Yariv – you’ve missed the point – if there is a “haircut” to be taken then this should be shared amongst all the Investors up till that point, including the Founder stake. Once you move into the areas of “preferential” treatment then you are really opening up a can of worms and sending out the message as Brad has said, that the Founder can’t be trusted to uphold any governance let alone good governance and the VC firm should have known better. These are the sorts of situations that need to be addressed by a robust Shareholder Agreement as generally the investors require protection from this sort of situation, with at least veto rights over this sort of thing happening. Given that we had a convertible note maybe the terms should have been around a discount on the next subsequent round which would have wiped out the Founder altogether if he had agreed to this sorry state of affairs and removed the incentive for him and the VC to behave this way.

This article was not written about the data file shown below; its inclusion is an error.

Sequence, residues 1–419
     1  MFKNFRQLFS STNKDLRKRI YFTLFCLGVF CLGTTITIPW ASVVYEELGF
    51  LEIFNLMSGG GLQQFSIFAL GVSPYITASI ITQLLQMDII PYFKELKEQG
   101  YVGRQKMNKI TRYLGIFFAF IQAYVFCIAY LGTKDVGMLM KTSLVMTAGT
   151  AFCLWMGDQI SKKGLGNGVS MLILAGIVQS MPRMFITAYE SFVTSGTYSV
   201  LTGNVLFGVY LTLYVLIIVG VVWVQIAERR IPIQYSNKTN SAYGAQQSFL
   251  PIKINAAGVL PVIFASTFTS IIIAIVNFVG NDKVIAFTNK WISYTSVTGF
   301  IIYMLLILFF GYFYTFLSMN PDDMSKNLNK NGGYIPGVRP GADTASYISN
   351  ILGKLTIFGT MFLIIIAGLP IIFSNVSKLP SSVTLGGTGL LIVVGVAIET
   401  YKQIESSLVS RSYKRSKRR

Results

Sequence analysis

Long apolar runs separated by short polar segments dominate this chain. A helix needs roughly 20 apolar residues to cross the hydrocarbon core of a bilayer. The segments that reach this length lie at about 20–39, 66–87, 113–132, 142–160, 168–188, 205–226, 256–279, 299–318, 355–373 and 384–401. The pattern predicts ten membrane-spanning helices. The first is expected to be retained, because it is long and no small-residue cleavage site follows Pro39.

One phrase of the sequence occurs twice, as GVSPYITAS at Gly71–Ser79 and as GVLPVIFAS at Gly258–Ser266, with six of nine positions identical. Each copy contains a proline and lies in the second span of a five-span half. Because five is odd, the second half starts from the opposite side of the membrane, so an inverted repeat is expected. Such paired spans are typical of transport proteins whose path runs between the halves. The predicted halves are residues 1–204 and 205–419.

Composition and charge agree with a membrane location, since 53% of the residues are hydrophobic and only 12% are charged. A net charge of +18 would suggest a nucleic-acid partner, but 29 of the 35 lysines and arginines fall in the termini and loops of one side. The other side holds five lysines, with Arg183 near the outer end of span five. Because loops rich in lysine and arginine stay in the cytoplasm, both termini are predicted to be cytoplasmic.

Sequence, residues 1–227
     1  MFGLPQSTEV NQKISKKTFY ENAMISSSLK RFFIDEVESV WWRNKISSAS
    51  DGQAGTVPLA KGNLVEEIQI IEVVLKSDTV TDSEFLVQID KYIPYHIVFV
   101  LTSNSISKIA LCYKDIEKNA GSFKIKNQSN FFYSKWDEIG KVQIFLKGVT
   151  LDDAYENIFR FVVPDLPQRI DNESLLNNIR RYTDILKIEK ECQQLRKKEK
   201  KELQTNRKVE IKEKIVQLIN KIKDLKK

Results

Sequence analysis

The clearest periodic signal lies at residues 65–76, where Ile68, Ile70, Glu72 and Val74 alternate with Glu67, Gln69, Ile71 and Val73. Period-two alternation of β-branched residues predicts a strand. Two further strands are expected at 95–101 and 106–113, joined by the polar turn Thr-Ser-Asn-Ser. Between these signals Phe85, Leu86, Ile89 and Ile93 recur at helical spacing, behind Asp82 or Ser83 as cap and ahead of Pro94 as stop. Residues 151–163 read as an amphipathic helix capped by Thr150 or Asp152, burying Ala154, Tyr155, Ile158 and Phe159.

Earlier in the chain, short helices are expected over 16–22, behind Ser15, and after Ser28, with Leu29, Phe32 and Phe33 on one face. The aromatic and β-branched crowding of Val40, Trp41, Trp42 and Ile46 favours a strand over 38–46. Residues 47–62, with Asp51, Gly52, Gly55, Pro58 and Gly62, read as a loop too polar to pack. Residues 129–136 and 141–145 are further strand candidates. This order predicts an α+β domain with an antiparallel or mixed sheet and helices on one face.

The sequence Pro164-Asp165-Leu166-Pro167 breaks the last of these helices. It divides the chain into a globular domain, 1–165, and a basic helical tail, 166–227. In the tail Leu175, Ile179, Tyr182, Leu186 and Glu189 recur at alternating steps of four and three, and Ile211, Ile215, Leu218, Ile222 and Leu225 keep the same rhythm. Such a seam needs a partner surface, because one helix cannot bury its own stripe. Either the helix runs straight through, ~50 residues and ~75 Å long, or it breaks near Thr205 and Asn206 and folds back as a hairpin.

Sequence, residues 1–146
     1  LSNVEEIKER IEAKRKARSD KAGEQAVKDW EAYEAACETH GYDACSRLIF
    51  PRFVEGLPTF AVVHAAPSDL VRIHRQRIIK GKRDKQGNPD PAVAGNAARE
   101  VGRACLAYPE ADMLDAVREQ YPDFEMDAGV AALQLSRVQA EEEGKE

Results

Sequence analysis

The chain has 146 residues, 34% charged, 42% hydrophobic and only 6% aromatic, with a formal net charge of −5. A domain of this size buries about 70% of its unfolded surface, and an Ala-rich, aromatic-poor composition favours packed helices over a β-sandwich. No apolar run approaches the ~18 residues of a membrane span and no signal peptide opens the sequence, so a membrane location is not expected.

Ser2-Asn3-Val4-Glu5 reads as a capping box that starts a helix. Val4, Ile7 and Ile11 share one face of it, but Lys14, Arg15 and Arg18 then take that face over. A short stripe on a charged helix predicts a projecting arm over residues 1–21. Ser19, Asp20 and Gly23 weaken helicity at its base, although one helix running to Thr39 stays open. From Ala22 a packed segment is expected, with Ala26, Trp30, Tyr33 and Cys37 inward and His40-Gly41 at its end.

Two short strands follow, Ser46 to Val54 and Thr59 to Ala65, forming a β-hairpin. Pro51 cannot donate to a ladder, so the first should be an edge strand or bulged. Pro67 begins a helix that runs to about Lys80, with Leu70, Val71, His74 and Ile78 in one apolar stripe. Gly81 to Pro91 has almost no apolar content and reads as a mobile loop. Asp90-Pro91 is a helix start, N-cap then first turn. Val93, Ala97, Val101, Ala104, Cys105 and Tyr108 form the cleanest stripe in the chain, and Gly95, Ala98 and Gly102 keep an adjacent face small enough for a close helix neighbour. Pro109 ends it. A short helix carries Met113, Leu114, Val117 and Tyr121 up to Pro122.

• J Patel


    1. $2M seed would have had at least 33% of the company had things gone OK.
    2. Things went badly, as happens..
    3. New investor wants 60% of the company for $500K.
    4. New investor and founder invite the old investors to participate. For $275K in additional money they could have gotten 33% of the newly capitalized company, The old investors refused. In essence, the old investors could have preserved their 1/3 ownership with just an additional $275K. True?
    5. The founder should absolutely have fought for and included a miracle clause that would make ALL investors whole if the company succeeds in returning some multiple to the new money.